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Q&A with Sinziana Gutiu

The Vancouver-based lawyer on why Canada’s legal privacy framework still has some growing up to do.

Sinziana Gutiu, TELUS, Vancouver
Jimmy Jeong

Sinziana Gutiu is the winner of the 2020 Douglas Miller Rising Star award, which recognizes developing talent and characteristics of leadership to the profession. CBA National caught up with the TELUS lawyer to talk about whether privacy should be recognized as a human right, how to prepare for the Internet of thinking, and some of the other existential challenges facing our digital society.

CBA National: How do you size up privacy law in Canada today?

Sinziana Gutiu: Honestly, it feels like privacy in Canada is in its awkward teenage phase.

N: How so?

SG: Well, we have federal/provincial legislation enacted for private organizations, public organizations, in some jurisdictions, for health. We have institutions oversight, even though privacy commissioners don't have a lot of power. Courts have started weighing into the dialogue. Mandatory breach notification has been put into place. So, privacy law is growing up, but it hasn't matured enough yet. We're facing, in Canada, some pretty key existential questions. For example, should we make privacy a human right? But then there are a lot of implications. If privacy were a human right, it would probably not fall under the scope of the Privacy Commissioner anymore. It would probably be under the Human Rights Commissioner. 

N: Why would that be a problem? 

SG: Because privacy is a pretty specialized area, and it touches on more than just human rights. It touches on consumer protection, for example. And it's interesting because the government said it wants to create a Data Commissioner too, but I'm not sure what they mean by that. I want to emphasize that an approach where jurisdiction over privacy issues are distributed among various regulators (Competition Commissioner, new Data Commissioner, CRTC, Human Rights Commissioner) can risk further diluting and fragmenting existing privacy protections. However, better collaboration between regulators on overlapping issues, such as the Privacy Commissioner working with the Competition Commissioner on competition or consumer protection issues, could provide a broader reach for privacy protections and give more weight to the enforcement process.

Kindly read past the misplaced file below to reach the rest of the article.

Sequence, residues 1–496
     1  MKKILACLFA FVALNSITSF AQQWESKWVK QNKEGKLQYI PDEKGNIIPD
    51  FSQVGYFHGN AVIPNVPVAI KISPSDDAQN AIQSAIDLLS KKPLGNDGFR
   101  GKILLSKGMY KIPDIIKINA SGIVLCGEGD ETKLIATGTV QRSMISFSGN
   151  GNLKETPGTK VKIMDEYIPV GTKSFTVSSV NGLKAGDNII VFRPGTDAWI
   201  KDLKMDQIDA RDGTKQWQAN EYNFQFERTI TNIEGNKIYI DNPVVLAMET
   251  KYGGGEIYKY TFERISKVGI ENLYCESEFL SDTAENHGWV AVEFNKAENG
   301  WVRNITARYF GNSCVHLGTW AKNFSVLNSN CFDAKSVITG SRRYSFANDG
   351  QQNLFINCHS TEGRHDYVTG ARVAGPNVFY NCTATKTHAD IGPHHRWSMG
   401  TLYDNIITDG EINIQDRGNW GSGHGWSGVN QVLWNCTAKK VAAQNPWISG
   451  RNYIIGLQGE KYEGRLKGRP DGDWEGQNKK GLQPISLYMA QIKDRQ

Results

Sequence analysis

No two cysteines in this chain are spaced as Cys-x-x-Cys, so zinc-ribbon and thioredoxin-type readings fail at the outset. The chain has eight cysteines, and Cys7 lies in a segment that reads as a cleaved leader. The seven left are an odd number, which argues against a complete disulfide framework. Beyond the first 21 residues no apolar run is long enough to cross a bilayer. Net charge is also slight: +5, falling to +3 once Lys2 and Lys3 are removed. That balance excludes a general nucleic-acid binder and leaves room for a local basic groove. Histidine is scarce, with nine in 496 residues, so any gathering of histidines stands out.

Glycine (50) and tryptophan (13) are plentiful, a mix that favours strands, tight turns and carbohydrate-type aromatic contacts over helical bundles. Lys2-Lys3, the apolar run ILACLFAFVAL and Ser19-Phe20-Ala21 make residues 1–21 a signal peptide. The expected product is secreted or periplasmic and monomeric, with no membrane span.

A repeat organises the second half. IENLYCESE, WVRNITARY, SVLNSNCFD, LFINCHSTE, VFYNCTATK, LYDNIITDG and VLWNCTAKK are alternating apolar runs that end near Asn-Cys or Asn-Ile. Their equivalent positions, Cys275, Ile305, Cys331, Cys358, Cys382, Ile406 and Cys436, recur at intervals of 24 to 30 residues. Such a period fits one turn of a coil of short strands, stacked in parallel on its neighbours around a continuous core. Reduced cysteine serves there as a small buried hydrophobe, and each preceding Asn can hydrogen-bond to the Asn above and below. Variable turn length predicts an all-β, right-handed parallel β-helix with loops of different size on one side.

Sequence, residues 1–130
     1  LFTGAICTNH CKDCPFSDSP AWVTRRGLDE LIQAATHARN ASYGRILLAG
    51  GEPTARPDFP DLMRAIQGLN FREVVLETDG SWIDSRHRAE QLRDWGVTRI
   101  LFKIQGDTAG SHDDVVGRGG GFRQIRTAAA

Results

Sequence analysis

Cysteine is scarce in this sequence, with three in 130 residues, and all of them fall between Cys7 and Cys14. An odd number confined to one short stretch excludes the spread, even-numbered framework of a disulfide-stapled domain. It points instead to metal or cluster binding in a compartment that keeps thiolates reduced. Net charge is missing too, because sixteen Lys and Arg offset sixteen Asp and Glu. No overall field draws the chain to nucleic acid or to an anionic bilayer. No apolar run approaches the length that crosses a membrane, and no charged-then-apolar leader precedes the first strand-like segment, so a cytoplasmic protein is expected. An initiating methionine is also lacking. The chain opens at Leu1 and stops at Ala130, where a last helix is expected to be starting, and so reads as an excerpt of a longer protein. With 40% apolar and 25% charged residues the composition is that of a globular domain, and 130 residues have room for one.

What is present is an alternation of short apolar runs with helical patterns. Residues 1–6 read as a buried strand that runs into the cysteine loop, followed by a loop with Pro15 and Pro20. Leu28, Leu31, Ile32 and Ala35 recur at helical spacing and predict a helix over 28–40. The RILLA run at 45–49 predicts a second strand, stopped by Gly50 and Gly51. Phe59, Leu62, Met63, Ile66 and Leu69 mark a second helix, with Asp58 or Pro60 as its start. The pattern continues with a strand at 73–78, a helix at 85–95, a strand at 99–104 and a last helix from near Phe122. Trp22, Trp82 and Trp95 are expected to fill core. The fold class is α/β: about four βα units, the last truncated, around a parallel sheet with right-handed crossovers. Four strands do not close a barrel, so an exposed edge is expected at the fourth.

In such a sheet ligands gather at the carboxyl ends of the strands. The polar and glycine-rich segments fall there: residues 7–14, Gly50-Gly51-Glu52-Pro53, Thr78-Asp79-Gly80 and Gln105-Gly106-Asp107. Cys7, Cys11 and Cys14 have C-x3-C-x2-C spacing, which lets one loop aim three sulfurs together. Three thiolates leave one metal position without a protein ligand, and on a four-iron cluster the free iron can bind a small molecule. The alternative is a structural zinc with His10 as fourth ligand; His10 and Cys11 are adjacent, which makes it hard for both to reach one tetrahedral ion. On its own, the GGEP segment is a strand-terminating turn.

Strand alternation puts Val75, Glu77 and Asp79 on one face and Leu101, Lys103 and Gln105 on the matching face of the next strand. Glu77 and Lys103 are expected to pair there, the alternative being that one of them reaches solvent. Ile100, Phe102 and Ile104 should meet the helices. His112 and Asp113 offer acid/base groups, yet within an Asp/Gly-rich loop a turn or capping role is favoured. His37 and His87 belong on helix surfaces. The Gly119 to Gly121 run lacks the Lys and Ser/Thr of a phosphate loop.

N: Why is it so difficult for us and governments to acknowledge privacy as a human right? 

SG: What's really fascinating about privacy is that it sits at the pinnacle of all of the rights that people enjoy. Like mobility: If the government is surveilling you and you have a GPS tracker on you at all times, that's going to affect your ability to go places. Freedom of thought and freedom of speech and freedom of association: There are things that you want to keep to yourself. Even the ability to vote. Think of Cambridge Analytica and Facebook, where people were getting misinformation in a way that was affecting their ability to decide for themselves. And even equality: To be equal, you have to have the ability to control information about you, also to be left alone to make your own decisions, and to put out there the parts about you that you want. It doesn't mean hiding your criminal records. Some things are clearly important. But when it comes down to it, privacy sits at the centre of most, if not all, the rights that we have in Canada. And if you just add privacy to the Human Rights Code, what does that achieve?

N: So, what are some other existential questions facing us?

SG: We're looking at whether or not a principle-based law in Canada – like PIPEDA – versus a more rules-based law – like GDPR – is more appropriate. We're still questioning the very framework of the law. The cross-border data transfer issue is still a big one. Last year, the Privacy Commissioner came out with a reinterpretation that you need consent to transfer personal information outside of Canada, before he backtracked. It was just really impractical for a consumer to be asked every time a company takes their data. Also, we're still wondering whether the Privacy Commissioner should have order-making powers. And we keep hearing over and over that the consent model is broken. I don't think consent is. We want to make sure we're not too paternalistic with our laws, where we say we know what's best for people — like, forcing people to give up their health information to help us discover the cure for cancer. Some people might want to [refuse], and they should have a right to do that, even if it's incredibly beneficial for society. The point is that we need some flexibility. There's just a lot weighing on consent, and we need more tools to ease the pressure off of it.